The news reports said roughly 50 people were dead. A storm, controlled by no man, had swept the vast islands leaving
little in its path. A moment of devastation was a moment Dr. Ted Perl believed was his chance to step up.
"We really felt we wanted to help make a difference and do something on this planet that counts. Every once in a while,
you get the opportunity."
For more than 30 years, Dr. Ted Perl, an avid fly fisherman, has visited many of the islands of the Bahamas with family
and friends to both relax and enjoy his hobby. He distinctly remembers the vibrant sights of the landscape.
"The beauty when you fly in is so spectacular," Perl said. "Especially for those who haven't had the opportunity to go down there. The first time, their noses are glued to the windows looking out to see the beauty."
But September of 2019 changed that quickly.
"That was all gone," Perl said. "Coming in, you see nothing but brown. No trees have any foliage left. It's all skeletons for trees. The little islands had everything blown off and it looked like the moon."
Perl said he expected to see buildings destroyed but was not prepared for what the hurricane had done to the landscape.
It was evident these people needed help.
"In a time of need like this, we all try to do what we can. I have the airplane and the capability to carry a couple thousand pounds of supplies," Perl said.
Perl contacted Textron Aviation looking for a way he and his CESSNA CITATION CJ4 aircraft could be of service. After connecting with Bon Air Brokerage out of Lynchburg, Va., Perl sent his pilot’s license, training information, insurance and aircraft airworthiness certificate. Then, he waited.
"I got a call one day and they said you're approved. We're grateful to have your services and can you come down tomorrow?" Perl explained.
Perl said the organization gave him a short window to pick up supplies in the United States and fly down to the Bahamas because of additional incoming weather. That weather concern would prove challenging because once in the air, he said nobody was giving pilots weather conditions in the Bahamas area. In fact, Perl said, there wasn't anyone on the radio at the tower at all. The challenges would only continue.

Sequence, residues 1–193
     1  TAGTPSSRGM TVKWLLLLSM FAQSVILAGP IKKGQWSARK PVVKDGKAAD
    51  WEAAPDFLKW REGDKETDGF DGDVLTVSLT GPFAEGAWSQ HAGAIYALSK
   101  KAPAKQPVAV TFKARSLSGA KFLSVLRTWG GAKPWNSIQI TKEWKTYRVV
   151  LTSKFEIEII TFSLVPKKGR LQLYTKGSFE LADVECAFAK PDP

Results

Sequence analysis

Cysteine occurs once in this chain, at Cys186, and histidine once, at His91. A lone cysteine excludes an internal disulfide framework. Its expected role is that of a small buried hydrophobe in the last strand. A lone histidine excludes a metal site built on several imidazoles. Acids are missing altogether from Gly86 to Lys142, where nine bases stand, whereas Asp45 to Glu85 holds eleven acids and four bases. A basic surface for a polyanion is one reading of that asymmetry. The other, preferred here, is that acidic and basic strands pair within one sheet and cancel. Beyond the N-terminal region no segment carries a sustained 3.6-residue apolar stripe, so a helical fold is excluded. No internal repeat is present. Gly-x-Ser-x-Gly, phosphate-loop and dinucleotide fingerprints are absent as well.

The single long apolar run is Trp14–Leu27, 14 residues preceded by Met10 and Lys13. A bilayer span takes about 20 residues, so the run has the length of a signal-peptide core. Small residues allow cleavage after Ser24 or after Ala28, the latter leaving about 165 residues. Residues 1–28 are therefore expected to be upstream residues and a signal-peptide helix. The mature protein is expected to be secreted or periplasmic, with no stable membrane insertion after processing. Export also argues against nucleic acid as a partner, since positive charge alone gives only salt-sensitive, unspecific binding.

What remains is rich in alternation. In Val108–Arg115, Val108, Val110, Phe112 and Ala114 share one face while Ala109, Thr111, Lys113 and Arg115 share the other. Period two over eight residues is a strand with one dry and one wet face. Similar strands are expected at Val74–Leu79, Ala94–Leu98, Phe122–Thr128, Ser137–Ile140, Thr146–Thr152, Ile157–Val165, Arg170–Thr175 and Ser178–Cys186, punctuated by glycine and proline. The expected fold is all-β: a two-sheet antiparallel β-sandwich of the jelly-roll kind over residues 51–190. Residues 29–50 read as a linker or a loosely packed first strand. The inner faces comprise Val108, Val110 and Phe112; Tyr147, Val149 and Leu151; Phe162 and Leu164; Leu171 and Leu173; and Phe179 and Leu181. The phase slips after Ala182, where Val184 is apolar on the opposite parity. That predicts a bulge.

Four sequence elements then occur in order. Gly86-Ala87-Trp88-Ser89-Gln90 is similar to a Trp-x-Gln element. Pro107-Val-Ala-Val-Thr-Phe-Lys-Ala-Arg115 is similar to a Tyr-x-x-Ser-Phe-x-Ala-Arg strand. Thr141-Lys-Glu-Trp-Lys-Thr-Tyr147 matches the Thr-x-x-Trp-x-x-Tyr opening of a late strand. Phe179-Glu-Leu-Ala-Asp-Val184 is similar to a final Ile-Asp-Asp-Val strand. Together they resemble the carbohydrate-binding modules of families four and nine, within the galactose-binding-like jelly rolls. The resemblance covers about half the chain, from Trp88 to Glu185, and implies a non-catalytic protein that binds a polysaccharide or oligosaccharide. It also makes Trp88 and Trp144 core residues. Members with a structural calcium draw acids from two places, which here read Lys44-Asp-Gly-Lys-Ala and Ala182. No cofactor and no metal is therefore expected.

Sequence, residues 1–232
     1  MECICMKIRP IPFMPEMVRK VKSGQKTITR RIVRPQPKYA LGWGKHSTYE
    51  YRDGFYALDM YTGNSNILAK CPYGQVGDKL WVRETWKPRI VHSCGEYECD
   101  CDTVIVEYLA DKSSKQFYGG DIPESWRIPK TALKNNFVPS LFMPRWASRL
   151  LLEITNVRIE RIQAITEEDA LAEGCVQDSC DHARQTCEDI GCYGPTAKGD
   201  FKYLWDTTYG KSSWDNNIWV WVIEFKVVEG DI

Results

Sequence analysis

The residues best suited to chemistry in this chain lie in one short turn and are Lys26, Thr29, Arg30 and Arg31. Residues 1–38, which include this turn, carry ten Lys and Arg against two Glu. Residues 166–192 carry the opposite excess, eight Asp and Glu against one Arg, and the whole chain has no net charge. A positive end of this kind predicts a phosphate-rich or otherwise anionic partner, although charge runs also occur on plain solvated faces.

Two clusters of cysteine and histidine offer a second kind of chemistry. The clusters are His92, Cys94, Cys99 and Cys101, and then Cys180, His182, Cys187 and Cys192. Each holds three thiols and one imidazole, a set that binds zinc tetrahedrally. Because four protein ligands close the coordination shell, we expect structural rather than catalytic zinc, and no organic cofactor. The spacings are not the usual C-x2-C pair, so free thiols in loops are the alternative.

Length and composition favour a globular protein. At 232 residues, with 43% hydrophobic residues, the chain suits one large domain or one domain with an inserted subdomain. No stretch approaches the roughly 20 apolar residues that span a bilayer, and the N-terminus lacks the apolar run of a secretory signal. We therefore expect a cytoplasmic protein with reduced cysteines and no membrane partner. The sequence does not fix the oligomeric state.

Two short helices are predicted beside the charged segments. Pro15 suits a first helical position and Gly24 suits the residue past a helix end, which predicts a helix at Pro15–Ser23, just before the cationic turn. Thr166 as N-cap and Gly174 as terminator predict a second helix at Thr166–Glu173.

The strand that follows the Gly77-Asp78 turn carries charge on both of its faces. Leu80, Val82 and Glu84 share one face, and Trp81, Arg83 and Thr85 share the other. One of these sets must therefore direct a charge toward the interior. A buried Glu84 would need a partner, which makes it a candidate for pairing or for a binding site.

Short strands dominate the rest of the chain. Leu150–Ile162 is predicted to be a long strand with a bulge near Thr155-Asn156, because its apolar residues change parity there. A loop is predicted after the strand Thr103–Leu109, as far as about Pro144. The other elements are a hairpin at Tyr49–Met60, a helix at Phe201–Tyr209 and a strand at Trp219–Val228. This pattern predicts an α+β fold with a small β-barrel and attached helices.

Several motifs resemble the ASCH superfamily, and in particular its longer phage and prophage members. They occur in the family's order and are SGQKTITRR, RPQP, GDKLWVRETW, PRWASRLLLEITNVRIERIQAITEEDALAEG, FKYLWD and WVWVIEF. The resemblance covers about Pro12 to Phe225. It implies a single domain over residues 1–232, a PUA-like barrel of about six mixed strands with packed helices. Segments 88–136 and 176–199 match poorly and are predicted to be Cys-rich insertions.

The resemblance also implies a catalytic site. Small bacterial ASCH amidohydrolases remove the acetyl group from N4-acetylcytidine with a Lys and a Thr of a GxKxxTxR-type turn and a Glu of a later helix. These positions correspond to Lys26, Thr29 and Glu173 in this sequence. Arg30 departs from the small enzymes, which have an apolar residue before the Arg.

"There was no fuel on the island when we were there, so we had to take enough fuel to be able to get back to the states and this carries nearly 6,000 pounds of fuel," he said, regarding his light jet. "You have on-board radar, but the weather reporting is almost nonexistent after the storm. You don't know what you're going to get into. With an airplane this capable in terms of speed and range and altitude, I could pretty much outrun any weather."
Carrying enough supplies to make the trip worthwhile was critical to the mission. The CJ4 aircraft’s combination of speed, range and ability to carry supplies was perfect for this trip profile.
"In terms of ability to circumnavigate weather, have enough fuel to get a long way back or most of the way back, carrying an awful lot of load and having the speed to get in and out, it’s just a phenomenal airplane," Perl said.
Though his flight proved challenging, Perl said it didn't compare to what he'd find when he touched down. The impact of Hurricane Dorian's devastation was evident as soon as he was on the ground.
"You really didn't see too many people," Perl said, other than volunteers who were unloading the airplanes. "I think the ones that decided to stay were pretty dazed. It had been 10 days or a week since the storm and I don’t know how much sleep they'd gotten; certainly not enough food and water."
Perl's aircraft was full of food, water, bleach, wipes, generators, medical supplies and finally, a large bag of stuffed animals for children who survived the storm. He said there was a lot of trust and faith involved, both that aircraft would come with supplies and that volunteers would distribute them well.
This isn't the first time Perl has decided to help others. He donated his aircraft and time in 2005 after Hurricane Wilma. Perl says while he was confident in his choice to help, telling his children about the trip reaffirmed his decision and made him especially pleased to be part of the relief effort.
"It had a lot of meaning for me that my kids were so proud," Perl said. "To have your family and close friends look up to you when you weren’t even thinking about what they were going to think, it made a big difference and made me feel good. I think there's an inherent good in most people and I saw a lot of it firsthand."
Perl went to the Bahamas a second time in his CJ4 aircraft just days after his first trip bringing more supplies to
those in need.